Seasonal stocktake

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At last, with a supply of spring vegetables coming in we can make a seasonable vegetable stock with produce straight from the ground.  Obviously the stalwarts are there the year round, but as our youngest chef/son pointed out yesterday, there’s a sweetness in the early veg that you can’t easily find in winter. This one, aside from onion, carrots and celery – all the usual suspects – had spring onions, the very last of the overwintered leeks, Swiss chard, the runts of last year’s garlic crop, fennel and fresh herbs wherein lay a lesson. We’ve never used lovage before in a stock but we did yesterday and we discovered that, like nutmeg and saffron it’s a flavouring that needs using with discretion, because if it’s not it can be a bit overwhelming.  Yesterday’s stock had a single leaf the size of a hand in it and I’d say that’s about the limit.

The other early job, aside from cooking breakfast, was to put a slow braised piece of topside (a very occasional treat at the Potwell Inn)  in the oven for the whole day in a wine and stock sauce. It’ll do us for at least three meals but yesterday evening I cooked a proper ‘Sunday meal’ to replace the calories I’d burnt off earlier in the day. When Madame prepped the veg I protested that there were far too many for us to eat, but (I think to our joint amazement) we cleared the lot.

Earlier we went to the allotment to take a delivery of topsoil.  The bed system works very well most of the time, but when it comes to earthing up potatoes you need quite a lot of soil, and in any case we needed extra soil to top the beds up. I created a one metre cube store with pallets to keep it tidy but as it was brought down in barrow loads I had to extend the store twice and by the end I think I had around one and a half tons – which sounds a lot but doesn’t go that far in practice – enough to make a couple of deep beds, from scratch, that’s all.  I decided to spread the soil out before the rain arrives on Tuesday but it was a very hot day, and By the time I’d top dressed three beds I’d shifted the whole load and I ached.

This morning we went up to the allotment to clear up, feed and weed before the rain and also to test the new water butt pump to make sure it would be capable of raising stored water from the bottom to the top of the slope. Happily, apart from having to lug a heavy generator down to the plot, it worked seamlessly and with sufficient pressure to generate a decent spray after travelling about 60 feet along a pipe. Once I’ve finished the last bit of civil engineering there should be enough stored water to keep the plants alive for several months in an emergency. I keep asking myself if we’re being ridiculously pessimistic, but climate change brings flood and drought conditions – neither of which are conducive to good growth.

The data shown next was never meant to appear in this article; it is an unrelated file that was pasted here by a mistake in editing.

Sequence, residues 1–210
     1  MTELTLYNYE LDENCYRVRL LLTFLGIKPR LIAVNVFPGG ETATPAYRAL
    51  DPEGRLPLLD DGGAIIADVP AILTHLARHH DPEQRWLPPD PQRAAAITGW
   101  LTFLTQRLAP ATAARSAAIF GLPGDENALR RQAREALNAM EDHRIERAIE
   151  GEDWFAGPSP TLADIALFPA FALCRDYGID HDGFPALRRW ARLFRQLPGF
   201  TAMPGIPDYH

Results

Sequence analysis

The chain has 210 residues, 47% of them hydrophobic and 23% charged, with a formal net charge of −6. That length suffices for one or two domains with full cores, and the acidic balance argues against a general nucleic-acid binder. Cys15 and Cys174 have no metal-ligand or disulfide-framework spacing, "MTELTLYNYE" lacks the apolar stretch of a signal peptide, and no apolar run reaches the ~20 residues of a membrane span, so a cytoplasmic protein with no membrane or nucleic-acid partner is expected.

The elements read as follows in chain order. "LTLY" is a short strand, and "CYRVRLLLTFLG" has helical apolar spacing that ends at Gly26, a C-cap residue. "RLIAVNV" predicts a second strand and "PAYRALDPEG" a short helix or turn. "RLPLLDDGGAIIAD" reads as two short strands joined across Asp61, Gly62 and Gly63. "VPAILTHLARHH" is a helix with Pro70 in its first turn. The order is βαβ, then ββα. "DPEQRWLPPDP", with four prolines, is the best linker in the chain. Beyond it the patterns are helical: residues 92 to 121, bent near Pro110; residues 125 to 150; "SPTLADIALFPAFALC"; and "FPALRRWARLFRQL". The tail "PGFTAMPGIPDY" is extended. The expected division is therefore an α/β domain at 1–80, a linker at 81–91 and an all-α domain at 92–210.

But all the while there’s a certain weariness with the lockdown. There’s the constant fear of being overwhelmed by a miasma which by now is as much psychological as it is physical, but none the less real for that. We seem to alternate days of vitality and optimism with days of gloom – living like lighthouse keepers with no relief crew in prospect.

Author: Dave Pole

I've spent my life doing a lot of things, all of them interesting and many of them great fun. When most people see my CV they probably think I'm making things up because it includes being a rather bad welder and engineering dogsbody, a potter, a groundsman and bus driver. I taught in a prison and in one of those ghastly old mental institutions as an art therapist and I spent ten years as a community artist. I was one of the founding members of Spike Island, which began life as Artspace Bristol. ! wrote a column for Bristol Evening Post (I got sacked three times, in which I take some pride) and I worked in local and network radio and then finally became an Anglican parish priest for 25 years, retiring at 68 when I realised that the institutional church and me were on different paths. What interests me? It would be easier to list what doesn't, but I love cooking and baking with our home grown ingredients. I'm fascinated by botany and wildlife in general, and botanical illustration. We have a camper van that takes us to the wild places, we love walking, especially in the hills, and we take too many photographs. But what really animates me is the question "what does it mean to be human?". I've spent my life exploring it in every possible way and the answer is ..... well, today it's sitting in the van in the rain and looking across Ramsey Sound towards Ramsey Island. But it might as easily be digging potatoes or making pickle, singing or finding an orchid or just sitting. But it sure as hell doesn't mean getting a promotion, beasting your co-workers or being obsequious to power, which ensured that my rise to greatness in the Church of England flatlined 30 years ago after about 2 days. But I'm still here and still searching for that elusive sweet spot, and I don't have to please anyone any more. Over the last 50 or so years we've had a succession of gardens, some more like wildernesses when we were both working full-time, but now we're back in the game with our two allotments in Bath.

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